Marketing Sonstiges

Viral-Marketing Studie: wann empfiehlt man Produkte weiter?

in The Dynamics of Viral Marketing (.pdf) beschreibt Prof. Jure Leskovex, Carnegie Mellon University & Bernardo Buderman/HP:

We present an analysis of a person-to-person recommendation network, consisting of 4 million people who made 16 million recommendations on half a million products. We observe the propagation of recommendations and the cascade sizes, which we explain by a simple stochastic model. We analyze how user behavior varies within user communities de¯ned by a recommendation network. Product purchases follow a ‚long tail‘ where a signi¯cant share of purchases belongs to rarely sold items. We establish how the recommendation network grows over time and how effective it is from the viewpoint of the sender and receiver of the recommendations. While on average recommendations are not very effective at inducing purchases and do not spread very far, we present a model that successfully identities communities, product and pricing categories for which viral marketing seems to be very effective.

Eric Kintz fasst die Ergebnisse der Arbeit zusammen:

#1 – Viral marketing does not spread well. In epidemics, high connectors are very critical nodes of the network and allow the virus to spread. In recommendations networks, a few very large cascades exist but most recommendation chains terminate after just a few steps.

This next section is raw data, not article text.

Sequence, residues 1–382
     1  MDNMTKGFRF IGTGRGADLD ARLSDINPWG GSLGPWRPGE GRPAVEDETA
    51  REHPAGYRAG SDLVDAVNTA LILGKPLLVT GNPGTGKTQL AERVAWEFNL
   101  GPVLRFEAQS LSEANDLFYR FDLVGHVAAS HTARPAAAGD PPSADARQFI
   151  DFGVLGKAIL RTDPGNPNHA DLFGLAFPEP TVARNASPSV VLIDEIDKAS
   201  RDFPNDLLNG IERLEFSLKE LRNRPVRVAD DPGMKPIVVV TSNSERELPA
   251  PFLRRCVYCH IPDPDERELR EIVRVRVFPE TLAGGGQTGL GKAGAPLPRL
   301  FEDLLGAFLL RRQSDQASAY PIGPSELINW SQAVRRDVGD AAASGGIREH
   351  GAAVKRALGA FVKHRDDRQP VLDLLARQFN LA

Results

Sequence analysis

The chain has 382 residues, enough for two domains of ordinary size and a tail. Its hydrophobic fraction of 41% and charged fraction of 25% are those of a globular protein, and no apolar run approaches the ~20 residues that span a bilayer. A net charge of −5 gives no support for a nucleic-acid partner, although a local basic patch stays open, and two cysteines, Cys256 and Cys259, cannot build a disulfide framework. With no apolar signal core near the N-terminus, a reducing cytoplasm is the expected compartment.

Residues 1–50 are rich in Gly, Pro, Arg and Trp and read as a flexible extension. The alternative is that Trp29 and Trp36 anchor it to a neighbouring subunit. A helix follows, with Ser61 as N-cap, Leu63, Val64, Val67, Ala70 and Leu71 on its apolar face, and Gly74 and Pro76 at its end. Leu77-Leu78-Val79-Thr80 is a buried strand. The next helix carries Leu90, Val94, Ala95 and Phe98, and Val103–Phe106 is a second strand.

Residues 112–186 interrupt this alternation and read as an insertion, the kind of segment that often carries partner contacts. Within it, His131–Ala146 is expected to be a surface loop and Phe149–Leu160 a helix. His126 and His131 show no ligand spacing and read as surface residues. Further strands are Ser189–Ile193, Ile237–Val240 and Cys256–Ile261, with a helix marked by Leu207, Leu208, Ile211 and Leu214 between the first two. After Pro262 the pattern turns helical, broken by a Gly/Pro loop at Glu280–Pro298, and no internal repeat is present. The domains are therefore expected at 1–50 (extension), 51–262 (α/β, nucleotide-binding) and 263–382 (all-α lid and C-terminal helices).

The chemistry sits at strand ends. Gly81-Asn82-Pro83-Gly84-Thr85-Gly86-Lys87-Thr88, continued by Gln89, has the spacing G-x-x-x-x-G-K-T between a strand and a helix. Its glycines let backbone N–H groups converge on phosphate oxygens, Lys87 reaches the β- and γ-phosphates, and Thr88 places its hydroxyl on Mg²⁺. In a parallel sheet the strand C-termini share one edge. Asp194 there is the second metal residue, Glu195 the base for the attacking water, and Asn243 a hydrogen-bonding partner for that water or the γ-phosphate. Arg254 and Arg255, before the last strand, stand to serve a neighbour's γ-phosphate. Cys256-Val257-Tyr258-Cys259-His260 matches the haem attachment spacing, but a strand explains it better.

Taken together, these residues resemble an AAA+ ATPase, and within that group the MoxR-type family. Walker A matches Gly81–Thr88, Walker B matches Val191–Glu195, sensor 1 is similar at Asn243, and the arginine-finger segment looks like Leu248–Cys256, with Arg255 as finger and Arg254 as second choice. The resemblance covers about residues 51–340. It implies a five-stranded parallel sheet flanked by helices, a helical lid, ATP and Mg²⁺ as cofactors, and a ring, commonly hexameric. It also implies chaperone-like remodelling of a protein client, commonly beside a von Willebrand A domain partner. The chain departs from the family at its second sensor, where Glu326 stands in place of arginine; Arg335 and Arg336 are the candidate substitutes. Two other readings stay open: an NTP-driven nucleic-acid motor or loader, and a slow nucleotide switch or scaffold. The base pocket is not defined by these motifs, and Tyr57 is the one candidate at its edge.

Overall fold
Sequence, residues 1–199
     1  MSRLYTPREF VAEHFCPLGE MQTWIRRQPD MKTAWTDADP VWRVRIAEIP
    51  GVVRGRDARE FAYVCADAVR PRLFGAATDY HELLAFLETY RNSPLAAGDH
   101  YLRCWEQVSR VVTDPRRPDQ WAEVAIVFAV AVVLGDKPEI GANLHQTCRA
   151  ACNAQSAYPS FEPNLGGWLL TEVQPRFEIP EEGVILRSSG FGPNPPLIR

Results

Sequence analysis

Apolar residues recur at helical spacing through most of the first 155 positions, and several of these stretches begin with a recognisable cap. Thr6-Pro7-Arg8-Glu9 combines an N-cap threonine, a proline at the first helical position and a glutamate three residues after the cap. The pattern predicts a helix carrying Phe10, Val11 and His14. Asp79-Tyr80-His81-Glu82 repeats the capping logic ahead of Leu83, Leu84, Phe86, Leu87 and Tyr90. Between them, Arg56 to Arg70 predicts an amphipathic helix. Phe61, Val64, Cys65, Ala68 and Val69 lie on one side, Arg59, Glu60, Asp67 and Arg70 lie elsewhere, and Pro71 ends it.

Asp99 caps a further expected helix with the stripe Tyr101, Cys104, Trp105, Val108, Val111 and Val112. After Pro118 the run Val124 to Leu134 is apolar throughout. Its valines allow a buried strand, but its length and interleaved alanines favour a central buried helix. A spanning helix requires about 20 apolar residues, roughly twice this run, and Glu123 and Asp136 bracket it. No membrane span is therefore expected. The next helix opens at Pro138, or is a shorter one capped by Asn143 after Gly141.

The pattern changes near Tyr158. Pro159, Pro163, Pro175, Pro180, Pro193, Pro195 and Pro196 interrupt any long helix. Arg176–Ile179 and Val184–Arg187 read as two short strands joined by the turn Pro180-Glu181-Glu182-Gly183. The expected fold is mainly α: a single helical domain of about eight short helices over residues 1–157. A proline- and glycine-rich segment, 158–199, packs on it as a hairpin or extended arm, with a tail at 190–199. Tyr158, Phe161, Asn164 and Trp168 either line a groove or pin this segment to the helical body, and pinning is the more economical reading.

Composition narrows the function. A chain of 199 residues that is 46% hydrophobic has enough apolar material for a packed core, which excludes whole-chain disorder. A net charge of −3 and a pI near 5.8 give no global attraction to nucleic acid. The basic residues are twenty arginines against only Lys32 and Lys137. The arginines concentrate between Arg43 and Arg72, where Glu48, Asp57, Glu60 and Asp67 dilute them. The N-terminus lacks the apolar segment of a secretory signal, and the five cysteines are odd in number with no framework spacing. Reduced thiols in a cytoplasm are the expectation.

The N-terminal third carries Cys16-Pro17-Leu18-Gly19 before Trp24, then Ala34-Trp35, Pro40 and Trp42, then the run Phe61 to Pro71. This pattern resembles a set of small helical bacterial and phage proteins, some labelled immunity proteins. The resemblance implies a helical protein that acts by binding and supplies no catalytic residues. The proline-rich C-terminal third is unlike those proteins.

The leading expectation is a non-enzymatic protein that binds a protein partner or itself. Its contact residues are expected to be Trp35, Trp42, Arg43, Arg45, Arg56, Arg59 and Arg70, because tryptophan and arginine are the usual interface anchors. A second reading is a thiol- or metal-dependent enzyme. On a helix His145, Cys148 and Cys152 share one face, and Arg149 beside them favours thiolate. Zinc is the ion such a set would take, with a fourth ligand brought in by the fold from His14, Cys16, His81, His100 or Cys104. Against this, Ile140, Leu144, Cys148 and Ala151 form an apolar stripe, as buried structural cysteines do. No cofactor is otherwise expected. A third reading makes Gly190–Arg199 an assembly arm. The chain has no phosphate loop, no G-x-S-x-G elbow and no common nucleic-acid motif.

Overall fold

#2 – The probability of viral infection decreases with repeated interaction. Providing excessive incentives for customers to recommend actually weakens the credibility of those links. The probability of purchasing a product increases with the number of recommendations received, but quickly saturates to a constant and relatively low probability.

#3 – Viral effectiveness varies depending on price and category. Social context has a high influence on the potency of viral infection. Technical or religious books for example had more successful recommendations than general interest topics. Smaller and more tightly knit groups tend to be more conducive to viral marketing

siehe auch Academic research on the Long Tail

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Über den Autor

Robert Basic

Robert Basic ist Namensgeber und Gründer von BASIC thinking und hat die Seite 2009 abgegeben. Von 2004 bis 2009 hat er über 12.000 Artikel hier veröffentlicht.

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